martine rose explores cultural history and sexual politics
In Paris, we find that the Martine Rose autumn/winter 19 man is more roots-y, sexy and showy than ever before.
Photography: Eloise Parry
Last season Martine Rose created one of the show moments of the year with a beautiful ode to her city, London. For spring/summer 19, the designer took us to a cul-de-sac in Kentish Town, bringing fashion onto the streets. It was a celebration of her community, her tribes of boys, her thumping music, her distorted design daydreams. It had everything. So how do you beat it? Her answer for autumn/winter 19 was not to do a show at all. “Last season was such an experience, so not doing a show felt like the most radical thing I could do now,” Martin explained as she talked us through the collection inside her showroom in Paris. “There’s a temptation to want to outdo yourself and you can get caught up in it all, get addicted to that buzz, but that’s not why I do fashion, I do it because I love clothes and it’s not always about my experience, so we did the absolute opposite here.”
Although we missed her, we weren’t surprised when the LFWM schedule was released without the name of one of our favourite designers. From the moment Martine Rose launched her eponymous line in 2007 she has ignored well-trodden paths, defied expectations and cultivated her own way within the fashion industry. “I’ve always done my own thing, initially through financial pressures, but then it evolved into my way of doing,” she explained. “I enjoy different ways of showing.” In our spring/summer 19 review, i-D deputy editor Felix Petty asked: “What would the London menswear scene be without Martine Rose?” Well, London fashion Week Men’s missed her, and her absence made us appreciate her energy and her ingenuity even more. Here, we had her all to ourselves. Away from the noise and distraction of fashion weeks, the collection’s collage of autobiographical elements, cultural history and sexual politics could be savoured, questioned and explored much further than a blink-and-you’ll-miss-it fashion parade, however epic. In a safespace away from the Gilets Jaunes protests, Martine’s playful celebration of individuality was as powerful and as persuasive as ever.
Over ten years Martine has subverted and reimagined male archetypes, from bankers to bus drivers, mountaineers to couriers to ravers. Volume, proportion and fabrication are used in dynamic ways to blur the line between the familiar and the unconventional. She playfully probes the former functionality or past popularity of certain aesthetic tribes. For autumn/winter 19 she pushed these tribes further than ever as she created a wardrobe that twisted up the classics and reinvented the normal. Sportswear-inspired pieces had a baroque feel, hoodies are sun bleached, words printed across T-shirts are not quite what they seem. “Here the Martine Rose man is more roots-y, sexy and showy than ever before,” she noted.
“I really enjoy when something feels like it’s just on the border of bad taste,” she explained as she pointed out a pair of studded jeans. “It raises questions of what good taste is. I really enjoy the place in which it’s uncomfortable.” The track tops and football shirts that she has distorted in recent seasons are a highlight of the collection, but here, they’re ruched, or have cutaway shoulders so they look like club vests. These pieces encapsulate Martine’s desire to take what is typically masculine and then blur the binary. Throughout, normcore becomes hardcore. Jeans in warm grunge colours have an extra high waist, dropped crotch and extended zip fly, echoing punk pants. “I like this sense of sex underneath everything, and these nods to something else,” she said. Elsewhere, straight cut overcoats have open pockets that allow the wearer to put his hands through the coat and directly into the pockets of his trousers, in the process cinching the waist and ruching the sleeves, echoing workwear and creating a silhouette shake-up. On closer inspection, the words embroidered on Martine’s hoodies are full of sexual innuendo. Everything is very cheeky but nothing is throwaway.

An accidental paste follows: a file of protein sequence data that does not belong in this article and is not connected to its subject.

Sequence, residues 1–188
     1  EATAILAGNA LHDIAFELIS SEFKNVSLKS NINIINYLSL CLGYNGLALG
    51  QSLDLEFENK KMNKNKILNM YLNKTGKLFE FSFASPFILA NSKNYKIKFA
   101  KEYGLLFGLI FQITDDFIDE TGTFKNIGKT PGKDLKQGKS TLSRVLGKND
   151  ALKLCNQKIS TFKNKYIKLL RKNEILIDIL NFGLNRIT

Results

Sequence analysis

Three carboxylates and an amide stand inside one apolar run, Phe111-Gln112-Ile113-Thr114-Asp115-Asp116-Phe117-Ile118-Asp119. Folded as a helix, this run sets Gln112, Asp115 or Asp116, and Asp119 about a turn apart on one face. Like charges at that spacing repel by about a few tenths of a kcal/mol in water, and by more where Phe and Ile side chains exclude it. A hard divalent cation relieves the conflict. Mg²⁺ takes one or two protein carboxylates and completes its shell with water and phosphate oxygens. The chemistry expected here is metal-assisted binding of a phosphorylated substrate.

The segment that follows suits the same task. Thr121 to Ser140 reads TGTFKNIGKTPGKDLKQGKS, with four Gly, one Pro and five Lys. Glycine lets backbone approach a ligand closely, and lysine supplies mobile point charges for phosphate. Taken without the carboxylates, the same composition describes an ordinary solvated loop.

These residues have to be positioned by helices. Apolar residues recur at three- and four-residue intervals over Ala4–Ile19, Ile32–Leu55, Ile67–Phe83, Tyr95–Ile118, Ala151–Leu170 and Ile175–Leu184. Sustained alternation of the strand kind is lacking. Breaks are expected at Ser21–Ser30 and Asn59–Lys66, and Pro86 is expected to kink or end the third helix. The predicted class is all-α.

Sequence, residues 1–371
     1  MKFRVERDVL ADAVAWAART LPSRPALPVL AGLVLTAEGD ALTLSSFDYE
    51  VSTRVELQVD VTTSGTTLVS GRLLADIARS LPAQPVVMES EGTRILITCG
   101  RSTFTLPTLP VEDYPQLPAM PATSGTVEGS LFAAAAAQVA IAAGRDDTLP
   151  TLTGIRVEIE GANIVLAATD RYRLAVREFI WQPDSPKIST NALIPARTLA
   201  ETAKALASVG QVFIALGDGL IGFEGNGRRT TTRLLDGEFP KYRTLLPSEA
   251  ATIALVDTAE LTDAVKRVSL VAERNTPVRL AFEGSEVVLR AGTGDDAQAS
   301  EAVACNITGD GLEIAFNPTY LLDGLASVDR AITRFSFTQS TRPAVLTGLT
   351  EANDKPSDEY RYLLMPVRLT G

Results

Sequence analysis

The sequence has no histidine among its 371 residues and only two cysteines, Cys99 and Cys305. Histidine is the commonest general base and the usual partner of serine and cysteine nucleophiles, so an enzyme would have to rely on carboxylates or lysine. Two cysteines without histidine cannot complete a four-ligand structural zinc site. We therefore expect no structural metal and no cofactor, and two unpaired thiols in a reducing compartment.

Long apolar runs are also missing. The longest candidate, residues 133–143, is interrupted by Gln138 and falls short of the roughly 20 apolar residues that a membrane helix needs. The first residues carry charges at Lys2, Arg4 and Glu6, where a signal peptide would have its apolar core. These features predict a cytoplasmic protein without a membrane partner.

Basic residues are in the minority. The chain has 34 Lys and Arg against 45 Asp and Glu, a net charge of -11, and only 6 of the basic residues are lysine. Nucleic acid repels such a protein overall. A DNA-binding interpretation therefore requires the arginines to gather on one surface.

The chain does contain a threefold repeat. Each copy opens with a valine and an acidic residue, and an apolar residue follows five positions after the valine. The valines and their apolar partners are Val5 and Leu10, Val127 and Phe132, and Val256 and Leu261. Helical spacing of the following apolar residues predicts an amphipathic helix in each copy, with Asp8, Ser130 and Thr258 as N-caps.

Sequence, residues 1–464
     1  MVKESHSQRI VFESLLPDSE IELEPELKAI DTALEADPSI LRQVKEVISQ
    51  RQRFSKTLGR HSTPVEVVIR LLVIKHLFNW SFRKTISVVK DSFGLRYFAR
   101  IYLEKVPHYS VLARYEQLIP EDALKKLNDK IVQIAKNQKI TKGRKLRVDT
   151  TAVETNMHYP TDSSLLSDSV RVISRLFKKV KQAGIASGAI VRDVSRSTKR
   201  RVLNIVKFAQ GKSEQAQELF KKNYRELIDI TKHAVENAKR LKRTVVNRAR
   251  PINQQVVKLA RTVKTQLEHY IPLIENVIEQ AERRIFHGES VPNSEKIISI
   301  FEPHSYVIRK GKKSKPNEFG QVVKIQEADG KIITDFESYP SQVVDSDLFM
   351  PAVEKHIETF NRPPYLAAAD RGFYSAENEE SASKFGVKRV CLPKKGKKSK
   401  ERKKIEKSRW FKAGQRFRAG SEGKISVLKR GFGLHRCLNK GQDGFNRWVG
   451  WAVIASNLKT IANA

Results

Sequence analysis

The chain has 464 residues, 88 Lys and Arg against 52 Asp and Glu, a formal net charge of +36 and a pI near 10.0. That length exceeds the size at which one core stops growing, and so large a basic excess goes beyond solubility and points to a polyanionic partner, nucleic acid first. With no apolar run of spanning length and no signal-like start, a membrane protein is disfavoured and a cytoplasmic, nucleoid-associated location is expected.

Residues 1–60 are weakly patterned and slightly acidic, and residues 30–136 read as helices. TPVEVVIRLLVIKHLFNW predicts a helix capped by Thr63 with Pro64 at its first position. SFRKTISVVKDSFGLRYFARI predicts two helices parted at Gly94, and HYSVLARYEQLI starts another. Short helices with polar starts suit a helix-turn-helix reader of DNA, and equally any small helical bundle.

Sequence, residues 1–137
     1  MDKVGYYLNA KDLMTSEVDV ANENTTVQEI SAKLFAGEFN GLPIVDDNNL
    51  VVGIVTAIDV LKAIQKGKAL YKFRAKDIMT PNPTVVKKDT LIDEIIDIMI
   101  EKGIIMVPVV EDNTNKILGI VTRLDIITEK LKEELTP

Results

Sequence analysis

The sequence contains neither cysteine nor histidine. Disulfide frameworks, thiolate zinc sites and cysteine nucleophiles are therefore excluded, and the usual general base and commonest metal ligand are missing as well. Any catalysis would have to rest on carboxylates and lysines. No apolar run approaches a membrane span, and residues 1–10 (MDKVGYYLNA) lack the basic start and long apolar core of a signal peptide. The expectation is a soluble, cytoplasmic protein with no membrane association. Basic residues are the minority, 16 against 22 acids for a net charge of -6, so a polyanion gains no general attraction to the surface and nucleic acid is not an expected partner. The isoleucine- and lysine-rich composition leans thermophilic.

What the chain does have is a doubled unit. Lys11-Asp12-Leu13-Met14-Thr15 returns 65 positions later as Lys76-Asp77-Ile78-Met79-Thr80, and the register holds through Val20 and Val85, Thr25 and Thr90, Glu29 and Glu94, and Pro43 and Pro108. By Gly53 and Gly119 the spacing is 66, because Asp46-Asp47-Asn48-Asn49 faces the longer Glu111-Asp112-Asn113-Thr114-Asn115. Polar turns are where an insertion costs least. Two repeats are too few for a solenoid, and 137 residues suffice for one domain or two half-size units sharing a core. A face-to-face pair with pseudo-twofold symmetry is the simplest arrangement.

Fresh from a collaborative exhibition at Slam Jam during Milan fashion week men’s, Martine worked with dance-flyer archivist Steve Terry. The pair looked at a collection of anonymous homoerotic images documenting gay subculture in 60s and 70s San Francisco. Satin woven badges and lenticular belts depict images from Terry’s collection, accompanied by slogans like “as thin as a shadow, as strong as an ox” and “the best”, taken from 1950s condom packaging. Hot!
Alongside her playful exploration of sexual politics, Martine tackled another issue close to her heart. Designed against the backdrop of the UK government’s shameful handling of the Windrush Scandal, she injected the collection with her own heritage and cultural roots. From remembering the West Indian home interiors of her youth and reimagining faded leather sofas in shirting and faded floral furnishings as a jacquard on trousers and a skirt. Small souvenir plates and pleated shirts continued the theme. “The Windrush Scandal has been particularly poignant for me and it was something we couldn’t ignore. So, we looked at the idea of souvenir tea towels and worked on three semi-autobiographical prints.” One shirt was printed with her nan’s recipe for ackee and saltfish, another Jamaica print detailed the history surrounding the HMT Empire Windrush, and a Bristol print acknowledges the city where she was born. Martine, we love you.
This article originally appeared on i-D UK.